Weaknesses: 1. Some notations are very confusing. The authors use alpha to denote both the searched architecture and a scalar hyperparameter in Eq. (17). 2. The authors claim that the proposed method is able to reduce the generalization gap of architectures between two different domains. How much gap can be reduced in practice? It would be stronger to provide more discussions and results to illustrate this. 3. The self-supervised learning task seems to be very important for the training of the proposed method. What would happen if the authors use a different self-supervised learning task (e.g., solving jigsaw puzzles )? More discussions should be provided. 4. What would happen if the authors use a larger subset of ImageNet as the target samples during the search? Can the proposed method use the entire ImageNet dataset? 5. More implementation details should be provided. How many epochs do the authors train the model on CIFAR-10 and ImageNet? Do the authors randomly sample images from each category to construct the subset of ImageNet? Refs  Noroozi, Mehdi, and Paolo Favaro. "Unsupervised learning of visual representations by solving jigsaw puzzles." European Conference on Computer Vision. Springer, Cham, 2016.
Relation to Prior Work: Yes
Additional Feedback: NA
Summary and Contributions: This paper addresses the problem of NAS. The main idea is to bridge the domain discrepancy between the proxy task dataset and the target dataset by domain adaptation. A theoretical generalization bound is analyzed and a corresponding algorithm is given, namely AdaptNAS.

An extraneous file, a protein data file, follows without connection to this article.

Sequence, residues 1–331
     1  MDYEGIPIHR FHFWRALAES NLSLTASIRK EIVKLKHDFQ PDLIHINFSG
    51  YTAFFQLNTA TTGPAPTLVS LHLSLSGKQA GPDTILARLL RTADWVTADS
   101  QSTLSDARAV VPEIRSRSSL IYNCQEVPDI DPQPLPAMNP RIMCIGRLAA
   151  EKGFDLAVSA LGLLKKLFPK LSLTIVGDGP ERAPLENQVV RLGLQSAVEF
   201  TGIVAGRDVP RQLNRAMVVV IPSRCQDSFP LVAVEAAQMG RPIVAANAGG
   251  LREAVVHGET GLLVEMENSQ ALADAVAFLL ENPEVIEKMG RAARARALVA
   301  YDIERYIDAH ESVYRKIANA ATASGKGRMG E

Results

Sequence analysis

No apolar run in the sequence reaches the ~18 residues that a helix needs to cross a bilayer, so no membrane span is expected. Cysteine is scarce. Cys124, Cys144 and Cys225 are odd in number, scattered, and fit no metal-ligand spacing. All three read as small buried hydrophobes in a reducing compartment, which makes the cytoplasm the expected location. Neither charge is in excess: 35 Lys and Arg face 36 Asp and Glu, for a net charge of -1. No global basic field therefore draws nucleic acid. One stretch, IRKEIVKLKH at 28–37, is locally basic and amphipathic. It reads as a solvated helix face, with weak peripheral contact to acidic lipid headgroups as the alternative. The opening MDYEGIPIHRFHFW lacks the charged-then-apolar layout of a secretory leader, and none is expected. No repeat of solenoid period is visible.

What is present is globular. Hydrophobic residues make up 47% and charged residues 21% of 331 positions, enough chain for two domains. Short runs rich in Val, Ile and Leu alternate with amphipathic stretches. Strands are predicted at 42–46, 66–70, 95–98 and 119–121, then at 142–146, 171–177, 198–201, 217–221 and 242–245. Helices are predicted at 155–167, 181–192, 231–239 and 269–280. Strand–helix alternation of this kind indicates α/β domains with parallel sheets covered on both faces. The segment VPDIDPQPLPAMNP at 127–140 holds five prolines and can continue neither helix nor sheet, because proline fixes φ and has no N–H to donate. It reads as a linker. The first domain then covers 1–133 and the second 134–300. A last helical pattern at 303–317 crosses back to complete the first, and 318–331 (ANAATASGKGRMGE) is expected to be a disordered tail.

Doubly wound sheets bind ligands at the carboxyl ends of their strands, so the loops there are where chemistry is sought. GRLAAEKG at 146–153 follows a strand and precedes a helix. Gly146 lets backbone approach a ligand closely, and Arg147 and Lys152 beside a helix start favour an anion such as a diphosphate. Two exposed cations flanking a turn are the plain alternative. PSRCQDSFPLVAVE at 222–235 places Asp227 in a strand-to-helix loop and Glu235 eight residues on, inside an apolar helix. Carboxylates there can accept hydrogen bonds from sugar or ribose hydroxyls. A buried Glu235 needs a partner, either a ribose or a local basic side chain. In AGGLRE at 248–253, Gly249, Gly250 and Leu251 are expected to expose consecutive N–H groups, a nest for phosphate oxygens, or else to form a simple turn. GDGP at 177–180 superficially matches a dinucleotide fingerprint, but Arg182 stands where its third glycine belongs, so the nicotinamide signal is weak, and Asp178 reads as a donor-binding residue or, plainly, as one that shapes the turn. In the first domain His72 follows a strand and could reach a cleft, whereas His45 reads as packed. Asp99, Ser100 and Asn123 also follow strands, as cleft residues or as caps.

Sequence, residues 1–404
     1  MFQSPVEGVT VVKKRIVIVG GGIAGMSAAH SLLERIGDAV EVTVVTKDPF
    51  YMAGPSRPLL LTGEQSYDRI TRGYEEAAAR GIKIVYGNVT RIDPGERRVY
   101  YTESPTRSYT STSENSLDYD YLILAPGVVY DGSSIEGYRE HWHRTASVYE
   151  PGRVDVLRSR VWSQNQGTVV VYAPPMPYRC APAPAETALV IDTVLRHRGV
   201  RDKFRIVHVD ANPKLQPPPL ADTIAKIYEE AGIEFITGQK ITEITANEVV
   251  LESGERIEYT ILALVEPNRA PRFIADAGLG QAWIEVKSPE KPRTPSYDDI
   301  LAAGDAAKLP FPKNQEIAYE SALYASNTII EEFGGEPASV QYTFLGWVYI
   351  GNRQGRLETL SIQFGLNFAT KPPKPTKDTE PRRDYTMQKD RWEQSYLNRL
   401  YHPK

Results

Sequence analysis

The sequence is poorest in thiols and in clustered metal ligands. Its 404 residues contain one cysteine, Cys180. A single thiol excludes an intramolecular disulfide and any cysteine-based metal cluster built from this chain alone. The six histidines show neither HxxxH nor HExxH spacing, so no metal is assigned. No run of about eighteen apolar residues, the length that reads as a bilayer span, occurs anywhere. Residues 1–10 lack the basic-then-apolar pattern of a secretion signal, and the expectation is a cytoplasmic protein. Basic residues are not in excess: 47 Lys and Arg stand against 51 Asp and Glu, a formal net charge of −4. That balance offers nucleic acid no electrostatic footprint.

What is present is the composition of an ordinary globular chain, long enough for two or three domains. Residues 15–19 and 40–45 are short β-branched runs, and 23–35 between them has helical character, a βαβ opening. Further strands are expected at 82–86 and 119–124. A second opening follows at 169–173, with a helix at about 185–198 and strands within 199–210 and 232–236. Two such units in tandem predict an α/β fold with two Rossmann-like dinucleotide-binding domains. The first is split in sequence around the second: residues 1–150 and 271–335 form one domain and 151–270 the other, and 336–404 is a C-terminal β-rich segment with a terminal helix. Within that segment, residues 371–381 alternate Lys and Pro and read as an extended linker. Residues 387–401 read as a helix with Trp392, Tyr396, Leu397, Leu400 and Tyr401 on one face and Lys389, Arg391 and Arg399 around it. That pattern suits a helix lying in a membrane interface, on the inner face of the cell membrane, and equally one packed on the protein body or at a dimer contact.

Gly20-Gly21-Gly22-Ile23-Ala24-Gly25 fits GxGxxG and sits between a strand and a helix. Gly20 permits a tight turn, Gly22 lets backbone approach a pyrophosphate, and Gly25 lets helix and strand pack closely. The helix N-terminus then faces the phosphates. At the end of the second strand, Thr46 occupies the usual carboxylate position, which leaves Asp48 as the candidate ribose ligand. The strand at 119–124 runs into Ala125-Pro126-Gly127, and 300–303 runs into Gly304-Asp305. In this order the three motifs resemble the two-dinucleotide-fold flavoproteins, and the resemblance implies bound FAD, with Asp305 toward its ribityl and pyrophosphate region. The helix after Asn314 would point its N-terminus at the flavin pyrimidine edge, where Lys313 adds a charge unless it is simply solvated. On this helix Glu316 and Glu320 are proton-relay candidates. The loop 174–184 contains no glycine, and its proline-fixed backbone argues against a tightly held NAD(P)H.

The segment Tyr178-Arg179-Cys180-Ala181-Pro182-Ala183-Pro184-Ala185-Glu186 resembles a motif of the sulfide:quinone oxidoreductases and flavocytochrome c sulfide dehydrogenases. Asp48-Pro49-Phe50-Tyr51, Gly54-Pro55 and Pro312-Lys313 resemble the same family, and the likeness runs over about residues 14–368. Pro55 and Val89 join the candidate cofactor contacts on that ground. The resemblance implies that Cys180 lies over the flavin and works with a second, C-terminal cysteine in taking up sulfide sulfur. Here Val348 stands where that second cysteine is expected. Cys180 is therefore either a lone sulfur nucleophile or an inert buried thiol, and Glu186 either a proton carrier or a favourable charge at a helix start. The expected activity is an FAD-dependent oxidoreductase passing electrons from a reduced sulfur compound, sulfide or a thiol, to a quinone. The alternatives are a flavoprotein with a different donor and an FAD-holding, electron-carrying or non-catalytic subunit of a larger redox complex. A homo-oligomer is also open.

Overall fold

Strengths: The motivation is sound. The idea is novel and the proofs are detailed. I like the idea of using a transformed task as a latent space for domain discriminator.
Weaknesses: 1. In AdaptNAS, a domain discriminator is used to approximate the domain discrepancy, which might introduce a certain amount of computation overhead. 2. The results only show marginal improvement compared to previous state-of-the-art, especially P-DARTS and MdeNAS. In particular,  performs consistently better than the proposed method while only searching in CIFAR-10. 3. More importantly, it seems like there is no ablation study between using L_d (domain adaptation loss) or not. This makes it difficult to identify whether the performance is caused by using training data from both domains (L_S, L_T) or by the domain adaptation loss (L_d), which is the main contribution. 4. Also, in Tab 1, when alpha=0, there is indeed no L_d. However, it performs even better than most of the other settings where L_d presents (alpha > 0). This indicates the proposed L_d is less effective than directly utilizing data from the target domain. 5. What causes the inconsistency between Rot-4 and Rot-1? For the AdaptNAS-S, the Rot-4 version performs worse, while for the AdaptNAS-C, Rot-4 version performs better with even smaller network capacity. ------------------------------------------------- After rebuttal: The author convince me with a detailed explanation of my concerns. I encourage the author add these details to the final version of the paper.
Correctness: As listed above, a key ablation study is missing.
Clarity: The paper is well written and easy to follow. A typo in L267: “deceasing”
Relation to Prior Work: Yes.
Additional Feedback: I mainly give my score mainly based on point 2, 3, 4 listed in the weakness. I like the general idea of this paper, but whether the experiment can consistently validate its effectiveness is a more important criteria for publication at NeurIPS.